‘Where the World of Wood meets’ was an apt pre-show promotion for this highly focused exhibition which was launched as ‘Asia’s only specialised wood materials, wood products trade show’. Both themes were delivered in a well-attended event offering variety and choice, so long it was wood.

Sylvawood is as international as any wood show, albeit with an emphasis on North America. That is not surprising given that the USA is the largest exporter of hardwoods in the world and China the largest importer. Sylvawood 2016 in June was endorsed by the American Hardwood Export Council, American Softwoods, Softwood Export Council, Canada Wood and APA – The Engineered Wood Association – alongside French Timber. Sixty percent of exhibitors were from overseas, including Germany, Romania, Russia, Sweden, Ukraine, South America, Africa and Malaysia in Southeast Asia.

Speaking at the opening ceremony to welcome VIPs, organiser Mr William Pang committed to continue “this unique platform for trade, networking, and the exchange of ideas with global suppliers and visitors to build and grow the market in China.” The event also offered three daily hardwood grading demonstrations from the National Hardwood Lumber Association (NHLA) and a full programme of seminars, including ‘Meet the Experts’ on market drivers, wood technology and supply. Award ceremonies were held for two different Chinese organisations and the show featured a number of structures in different wood materials.

It was so good to have a wood focused show in China” said Mr Charlie Barnes, Director International Marketing APA, a sentiment exactly echoed by Mr Deane Alanko, Allegheny Wood Products. Michael Snow, Executive Director of AHEC stated that his members were well satisfied with the show and Regional Director John Chan said ”I am sure we will be back next year.”  The American hardwood pavilion comprised 28 AHEC member companies all set on exporting to China which is now the largest market for American hardwood lumber. AHEC, APA and American Softwoods all fielded full teams of staff to welcome visitors. Distribution companies such as APP Timber, operating internationally, and many local timber traders offered a wide range of wood materials. There were many outstanding exhibits including those from the Malaysian Timber Council, with a comprehensive range of tropical wood products, and AM Forest Products, prominent at the entrance as well as Bergkvist-Insjön AB from Sweden. For certification, the Programme for the Endorsement of Forest Certification (PEFC) provided a comprehensive set of literature in English and Chinese and details of the Chinese Forest Certification Council (CFCC) scheme now endorsed by PEFC. Certified material, both PEFC and FSC, was widely available at the show from many sources.

Visitors were almost entirely local and many had been encouraged to attend by a ‘WeChat’ campaign that provided a lunch on the opening day to those that responded. The NHLA tour group, currently visiting China, attended along with representatives of associations such as the Thai Timber Association (TTA) the Singapore Furniture Industries Council (SFIC) and the Ho Chi Minh City furniture association (HAWA).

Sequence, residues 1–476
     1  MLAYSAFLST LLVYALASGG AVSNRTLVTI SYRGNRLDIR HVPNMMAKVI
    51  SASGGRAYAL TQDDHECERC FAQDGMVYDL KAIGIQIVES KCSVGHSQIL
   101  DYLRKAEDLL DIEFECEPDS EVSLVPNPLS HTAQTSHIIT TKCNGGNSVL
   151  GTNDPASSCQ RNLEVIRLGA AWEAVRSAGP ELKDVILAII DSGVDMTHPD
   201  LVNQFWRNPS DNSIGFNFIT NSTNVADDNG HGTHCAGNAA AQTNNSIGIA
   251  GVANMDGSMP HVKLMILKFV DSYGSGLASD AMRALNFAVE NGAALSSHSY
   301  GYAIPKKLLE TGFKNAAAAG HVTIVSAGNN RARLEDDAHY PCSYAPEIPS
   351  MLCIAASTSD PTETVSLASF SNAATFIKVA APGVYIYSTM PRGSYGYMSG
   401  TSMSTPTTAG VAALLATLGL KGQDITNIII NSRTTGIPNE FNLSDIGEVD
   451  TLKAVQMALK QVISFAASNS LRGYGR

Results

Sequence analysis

Adding an additional attraction to visitors on day one was a full programme of seminars, moderated by Michael Buckley from Singapore, starting with ‘Market Drivers in China’. Michael Snow presented ‘China’s Wood Consumption’ and demonstrated the dramatic growth in China’s demand and the switch of its wood working industry from processor and re-exporter to domestic consumer.  Ernie Koh, President of the SFIC, discussed ‘What Drives the Furniture Industry in China’ and suggested that the growth trend in consumption is set to continue, despite the reports of economic slowdown in China. Then a panel of speakers provided insights into the ‘Global Timber Supply’ (Malte Herrmann, APP Timber), ‘Rubberwood Supply’ (Jirawat Tangkijngamwong, TTA), ‘North American Hardwood Supply’ (Judd Johnson, Hardwood Market Report) and ‘North American Softwood Supply’ (Frank Stewart, Western Wood Products Assn). Technical presentations were made by Giulio Masotti of Wood Skin, on robotic and digital fabrication in wood; and Neil Summers presented ‘New Opportunities for Wood’ covering Thermally Modified Timber (TMT) and Cross Laminated Timber (CLT).  The second and third days saw a variety of presentations ranging from ‘African Wood Supply and Business Opportunities’ (Jasveer Singh from Gabon) to wood treatment and more on Thermal Modification (Godfrey Foo).

A new initiative taken by one local exhibitor was the inaugural ‘Play Wood Design Awards’ by CX Joy Hardwoods, a producer of solid wood panels and foreign partner member of AHEC. Twenty seven designers had submitted designs from which 17 prototypes were displayed at the show, made from free-issue panels in American hardwood species. Visitors over the first two days were asked to vote and 500 did so.  A set of ‘tree stands’ in Oak and Walnut was the outright winner, declared at an award ceremony at which two specialists commented on the result. Architect Masotti discussed the designs and wood specialist Michael Buckley pointed out the importance of quality finger jointing in the panels used, as a positive contribution to yield and therefore the environment. Another award was made by the Zheng Mu, an organisation for high-end customised furniture designer/makers, of which 20 attended the show.

Sylvawood will again be held in Shanghai from 27 – 28 June 2017.